Illustration: Aïda Amer/Axios

Tuesday's stock market record proves the definitive triumph of capital over labor in the era of COVID-19.

Why it matters: The recession has caused the size of the American economic pie to shrink substantially. But the share of that pie going to capital rather than labor has continued to rise.

Driving the news: The S&P 500 closed at a record high of 3,390 on Tuesday, a gain of 55% from its March low point in the space of just 105 trading sessions.

The big picture: It's easy to view the stock-market rally as happening despite the fact that more than 28 million Americans are claiming unemployment benefits. But perhaps the stock market is soaring in large part because of the continued unemployment crisis.

How it works: Historically, about two thirds of economic output went to workers in exchange for their labor, with the other third being retained by owners. But since 2000, that ratio has been plunging.

  • Now that America's workforce has been decimated by the COVID-19 pandemic, the share of national income being kept by workers could hit a new record low.

The bottom line: It's unclear how or whether workers will be able to regroup and reclaim more of the fruits of their labor. So long as capital retains the upper hand, an increasing share of corporate revenues will show up as profits. Which is good news for anybody owning stocks.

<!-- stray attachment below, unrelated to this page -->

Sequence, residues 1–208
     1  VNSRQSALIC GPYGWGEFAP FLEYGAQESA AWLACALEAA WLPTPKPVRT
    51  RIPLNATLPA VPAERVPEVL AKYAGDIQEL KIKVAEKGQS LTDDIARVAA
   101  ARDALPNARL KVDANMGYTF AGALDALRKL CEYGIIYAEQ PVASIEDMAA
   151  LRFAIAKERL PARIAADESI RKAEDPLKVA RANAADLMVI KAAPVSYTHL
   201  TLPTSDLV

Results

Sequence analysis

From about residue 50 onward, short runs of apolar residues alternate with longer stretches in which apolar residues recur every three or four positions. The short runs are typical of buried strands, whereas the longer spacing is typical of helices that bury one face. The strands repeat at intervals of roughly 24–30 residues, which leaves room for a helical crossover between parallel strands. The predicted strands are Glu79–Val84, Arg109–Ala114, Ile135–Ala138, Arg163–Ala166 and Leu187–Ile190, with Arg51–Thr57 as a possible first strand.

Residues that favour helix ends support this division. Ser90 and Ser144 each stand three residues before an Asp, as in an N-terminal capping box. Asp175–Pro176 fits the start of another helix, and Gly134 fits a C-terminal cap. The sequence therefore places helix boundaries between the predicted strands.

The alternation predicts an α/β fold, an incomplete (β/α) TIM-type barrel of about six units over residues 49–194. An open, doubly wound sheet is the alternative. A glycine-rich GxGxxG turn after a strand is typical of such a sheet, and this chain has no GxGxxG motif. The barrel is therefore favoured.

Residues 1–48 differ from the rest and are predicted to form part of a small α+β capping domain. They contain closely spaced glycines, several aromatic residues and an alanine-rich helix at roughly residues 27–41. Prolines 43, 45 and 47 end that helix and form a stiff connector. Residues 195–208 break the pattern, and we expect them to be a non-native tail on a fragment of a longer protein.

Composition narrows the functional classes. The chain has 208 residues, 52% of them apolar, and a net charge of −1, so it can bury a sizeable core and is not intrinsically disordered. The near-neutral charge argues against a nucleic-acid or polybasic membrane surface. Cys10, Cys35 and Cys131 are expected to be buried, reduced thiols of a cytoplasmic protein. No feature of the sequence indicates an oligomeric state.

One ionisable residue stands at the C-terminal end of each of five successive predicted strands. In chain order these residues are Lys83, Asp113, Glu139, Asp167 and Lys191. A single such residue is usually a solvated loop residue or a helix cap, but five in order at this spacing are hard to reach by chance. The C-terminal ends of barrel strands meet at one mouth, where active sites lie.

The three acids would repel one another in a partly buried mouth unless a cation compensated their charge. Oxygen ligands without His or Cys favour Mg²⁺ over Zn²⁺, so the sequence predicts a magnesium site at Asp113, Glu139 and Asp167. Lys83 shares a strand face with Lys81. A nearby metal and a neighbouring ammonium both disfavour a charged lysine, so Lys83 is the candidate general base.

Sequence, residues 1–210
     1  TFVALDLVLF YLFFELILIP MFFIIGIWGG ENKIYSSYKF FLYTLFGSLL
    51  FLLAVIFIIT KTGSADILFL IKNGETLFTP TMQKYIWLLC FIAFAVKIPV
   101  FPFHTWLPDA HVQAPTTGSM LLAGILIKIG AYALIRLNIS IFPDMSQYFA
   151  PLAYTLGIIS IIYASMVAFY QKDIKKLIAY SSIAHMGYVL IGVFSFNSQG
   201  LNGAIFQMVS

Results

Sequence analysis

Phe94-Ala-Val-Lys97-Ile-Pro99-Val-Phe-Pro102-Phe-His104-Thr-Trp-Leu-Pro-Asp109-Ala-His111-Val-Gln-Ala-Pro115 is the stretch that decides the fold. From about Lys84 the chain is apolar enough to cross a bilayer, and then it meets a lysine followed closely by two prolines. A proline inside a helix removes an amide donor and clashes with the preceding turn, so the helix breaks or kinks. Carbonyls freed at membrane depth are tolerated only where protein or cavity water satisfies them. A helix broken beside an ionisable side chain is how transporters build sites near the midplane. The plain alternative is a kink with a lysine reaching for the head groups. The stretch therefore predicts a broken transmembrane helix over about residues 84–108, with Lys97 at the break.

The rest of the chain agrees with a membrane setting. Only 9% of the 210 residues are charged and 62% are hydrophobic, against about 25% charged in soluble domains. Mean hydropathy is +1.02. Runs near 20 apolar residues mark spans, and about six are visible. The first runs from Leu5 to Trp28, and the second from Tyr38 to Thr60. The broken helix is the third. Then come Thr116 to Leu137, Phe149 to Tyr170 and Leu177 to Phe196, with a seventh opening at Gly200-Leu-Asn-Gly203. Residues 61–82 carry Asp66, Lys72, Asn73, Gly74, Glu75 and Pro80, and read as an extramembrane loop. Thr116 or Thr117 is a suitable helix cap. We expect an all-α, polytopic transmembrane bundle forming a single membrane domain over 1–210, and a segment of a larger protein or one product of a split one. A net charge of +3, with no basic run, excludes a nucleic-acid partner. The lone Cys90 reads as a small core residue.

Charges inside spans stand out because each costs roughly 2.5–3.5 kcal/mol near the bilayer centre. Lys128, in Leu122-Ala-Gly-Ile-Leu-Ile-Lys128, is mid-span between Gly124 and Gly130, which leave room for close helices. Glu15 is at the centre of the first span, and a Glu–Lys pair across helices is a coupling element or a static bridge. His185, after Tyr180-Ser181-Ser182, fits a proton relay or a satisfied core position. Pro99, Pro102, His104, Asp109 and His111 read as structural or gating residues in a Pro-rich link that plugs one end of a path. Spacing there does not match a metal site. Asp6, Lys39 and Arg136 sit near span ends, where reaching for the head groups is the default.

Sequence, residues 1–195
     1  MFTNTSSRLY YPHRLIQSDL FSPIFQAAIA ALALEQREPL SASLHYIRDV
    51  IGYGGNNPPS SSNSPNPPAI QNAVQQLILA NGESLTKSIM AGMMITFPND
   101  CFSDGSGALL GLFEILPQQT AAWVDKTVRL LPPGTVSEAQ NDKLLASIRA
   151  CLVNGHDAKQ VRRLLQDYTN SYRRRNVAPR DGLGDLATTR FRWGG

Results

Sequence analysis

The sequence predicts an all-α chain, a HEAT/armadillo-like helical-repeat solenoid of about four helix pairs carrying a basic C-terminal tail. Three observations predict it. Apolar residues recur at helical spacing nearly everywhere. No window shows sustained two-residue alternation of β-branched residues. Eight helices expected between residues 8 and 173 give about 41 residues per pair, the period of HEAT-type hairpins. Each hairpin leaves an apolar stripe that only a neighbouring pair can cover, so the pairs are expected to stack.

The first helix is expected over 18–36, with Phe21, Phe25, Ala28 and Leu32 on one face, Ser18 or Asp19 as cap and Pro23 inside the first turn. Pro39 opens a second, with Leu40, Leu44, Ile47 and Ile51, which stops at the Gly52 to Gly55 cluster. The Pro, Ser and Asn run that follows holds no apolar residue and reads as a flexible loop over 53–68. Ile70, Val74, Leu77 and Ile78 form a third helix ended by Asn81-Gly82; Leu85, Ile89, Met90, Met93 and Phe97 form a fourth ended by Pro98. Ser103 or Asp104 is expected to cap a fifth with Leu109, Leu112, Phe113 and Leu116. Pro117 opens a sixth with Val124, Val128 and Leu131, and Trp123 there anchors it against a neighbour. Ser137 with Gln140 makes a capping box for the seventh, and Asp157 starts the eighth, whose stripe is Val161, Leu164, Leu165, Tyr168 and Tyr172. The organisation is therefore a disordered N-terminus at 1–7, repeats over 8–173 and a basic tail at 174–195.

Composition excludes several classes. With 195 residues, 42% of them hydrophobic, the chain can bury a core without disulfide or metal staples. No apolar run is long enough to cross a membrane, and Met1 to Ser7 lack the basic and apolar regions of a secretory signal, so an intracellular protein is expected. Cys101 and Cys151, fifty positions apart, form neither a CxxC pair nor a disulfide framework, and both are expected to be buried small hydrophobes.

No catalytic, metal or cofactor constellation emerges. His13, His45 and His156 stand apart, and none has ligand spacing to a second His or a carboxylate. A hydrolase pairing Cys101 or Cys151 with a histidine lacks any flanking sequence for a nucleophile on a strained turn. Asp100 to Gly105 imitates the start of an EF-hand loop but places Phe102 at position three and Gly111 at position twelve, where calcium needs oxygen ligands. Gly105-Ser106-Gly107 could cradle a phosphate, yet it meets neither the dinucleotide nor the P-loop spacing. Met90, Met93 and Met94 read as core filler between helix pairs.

Go deeper

S&P 500 on the brink of a correction

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Data: FactSet, Chart: Axios Visuals

The S&P 500 hit its highest level ever earlier this month — but as September closes out, the index is teetering on the brink of correction territory.

Where it stands: As of Thursday’s close, the S&P 500 has sunk 9.3% below its record high. Slight gains on Thursday pushed it a bit further away from the 10% decline that would mark a correction — but investors say volatility could be here to stay.

Dan Primack, author of Pro Rata
Sep 24, 2020 - Economy & Business

The short-term economic impact of a Biden win

Illustration: Eniola Odetunde/Axios

We're 40 days away from the election, which means we're between 40 and 80 days away from knowing who won the election.

What happens next: The stock markets, which have spent most of 2020 divorced from the real economy, may tank — setting up a chain reaction that could impact everything from high-profile IPOs (e.g., Airbnb) to private market fundraising (denominator effect) to pending mergers (Delaware Chancery Courtnip).

Felix Salmon, author of Capital
Sep 24, 2020 - Economy & Business

The American economic paradox

Illustration: Aïda Amer/Axios

It's the rebound economists didn't see coming.

Why it matters: America did nothing that should have been necessary to really get the economy moving again. We didn't get the coronavirus under control, and we gave up on fiscal stimulus after a single short-lived round of it. Nevertheless, we're about to close out by far the strongest quarter of economic growth in American history.